This is the first principle that protects against a rebrand gone sour. Without a shared understanding of the future you’re hoping to build, you will seek to validate through other means. Someone will have a cousin who is “creative,” and he didn’t like that version of the logo. And because he didn’t like it, everyone’s now questioning whether we’ve made a huge mistake.
Most of the time, however, the problem isn’t sharing the rebrand process outside of the company. The problem starts when everyone on the team reacts to the work, based on their personal tastes, as opposed to responding to the work as measured by the goals in brand strategy.
Vision over Validation
Playing the long game is hard. It’s difficult to act on a vision as opposed to getting immediate feedback that something is working. Wouldn’t it be easier to rely on short-term strategies like user testing or focus groups to mitigate risk? With so much on the line, it’s natural to want to look for validation and quell any fear.
However, consider this: When you focus on short term metrics that measure increased engagement or interaction from customers, there’s no accountability towards an end goal for them. While having success metrics is important, they are often short-sighted and set a low bar.
I might be able to get my son to think I’m awesome by giving him junk food all the time. Dad rating would be through the roof—but, it would not be for his benefit. This isn’t to say that most companies are giving their customers the equivalent of junk food. But they could and their measurements of success wouldn’t sound any alarms.
Your focus should be on your customers’ identity. Your focus should be on who they become as a result of interacting with your brand. What is the best thing that could happen to this person?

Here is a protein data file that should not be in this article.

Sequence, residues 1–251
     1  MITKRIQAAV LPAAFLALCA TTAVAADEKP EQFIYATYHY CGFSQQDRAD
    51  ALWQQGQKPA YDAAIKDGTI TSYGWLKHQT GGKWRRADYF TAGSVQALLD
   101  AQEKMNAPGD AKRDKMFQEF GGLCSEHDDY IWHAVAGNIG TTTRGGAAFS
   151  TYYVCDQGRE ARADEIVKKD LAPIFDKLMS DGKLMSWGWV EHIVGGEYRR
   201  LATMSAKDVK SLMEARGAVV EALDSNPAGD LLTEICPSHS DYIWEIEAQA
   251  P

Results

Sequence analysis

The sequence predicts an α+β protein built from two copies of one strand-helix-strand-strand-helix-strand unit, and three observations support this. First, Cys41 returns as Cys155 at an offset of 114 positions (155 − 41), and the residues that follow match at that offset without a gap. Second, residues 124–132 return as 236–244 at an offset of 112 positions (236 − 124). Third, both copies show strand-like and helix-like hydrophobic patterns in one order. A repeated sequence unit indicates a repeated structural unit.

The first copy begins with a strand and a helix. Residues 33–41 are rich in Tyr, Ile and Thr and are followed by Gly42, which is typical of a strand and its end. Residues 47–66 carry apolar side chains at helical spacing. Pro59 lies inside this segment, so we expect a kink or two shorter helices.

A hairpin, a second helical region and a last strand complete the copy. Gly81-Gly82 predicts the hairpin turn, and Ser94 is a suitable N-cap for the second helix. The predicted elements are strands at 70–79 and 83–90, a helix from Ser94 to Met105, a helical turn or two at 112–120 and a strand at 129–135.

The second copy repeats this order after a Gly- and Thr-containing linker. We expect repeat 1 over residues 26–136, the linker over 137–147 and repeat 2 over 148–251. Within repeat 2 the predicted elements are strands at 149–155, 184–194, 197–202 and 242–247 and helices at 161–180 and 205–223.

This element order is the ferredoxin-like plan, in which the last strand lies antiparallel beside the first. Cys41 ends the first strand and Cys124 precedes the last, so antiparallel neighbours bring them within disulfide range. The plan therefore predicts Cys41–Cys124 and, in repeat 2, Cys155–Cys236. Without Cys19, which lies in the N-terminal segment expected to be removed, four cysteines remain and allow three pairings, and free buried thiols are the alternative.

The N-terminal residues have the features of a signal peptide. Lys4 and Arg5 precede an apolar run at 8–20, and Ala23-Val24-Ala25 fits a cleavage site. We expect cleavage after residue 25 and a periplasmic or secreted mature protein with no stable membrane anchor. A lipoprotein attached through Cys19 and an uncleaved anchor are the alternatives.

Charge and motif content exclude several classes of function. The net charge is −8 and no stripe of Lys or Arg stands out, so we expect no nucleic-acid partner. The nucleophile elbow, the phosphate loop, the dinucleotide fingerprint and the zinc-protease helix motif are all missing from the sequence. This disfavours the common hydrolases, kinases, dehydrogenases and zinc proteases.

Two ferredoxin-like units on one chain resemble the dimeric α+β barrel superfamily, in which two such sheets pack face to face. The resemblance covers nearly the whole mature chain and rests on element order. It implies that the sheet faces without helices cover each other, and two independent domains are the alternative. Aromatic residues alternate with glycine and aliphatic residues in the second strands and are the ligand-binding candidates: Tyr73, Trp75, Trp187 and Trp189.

Instead of focusing on things like website traffic, increased engagement, and repeat purchases, place their betterment at the forefront of your rebrand strategy. This approach sets the bar much higher than customer satisfaction and empowers them to charismatically champion your brand to their peers.
A Few Takeaways
- Have a point of view. Develop a vision of the future and fight to make it a reality. This does two things. One, it makes it easier to make decisions about your rebrand. It acts as a ruler against which decisions can be measured. Second, it creates a space where others can join you along the way and champion for the same future.
- Make your customers’ identity the measure of success. This will enable you to move beyond short-term metrics to create a lasting impact.
So, is a rebrand worth it? Will you get a return on your investment? While the answer isn’t inherently yes, if you follow these principles outlined above, you will be on your way to a successful rebrand. You will be building your reputation as a brand that builds and improves the lives of others. And when this happens, you will be able to trust that it’s right.
Photos by Kelli McClintock, samsommer and Markus Winkler on Unsplash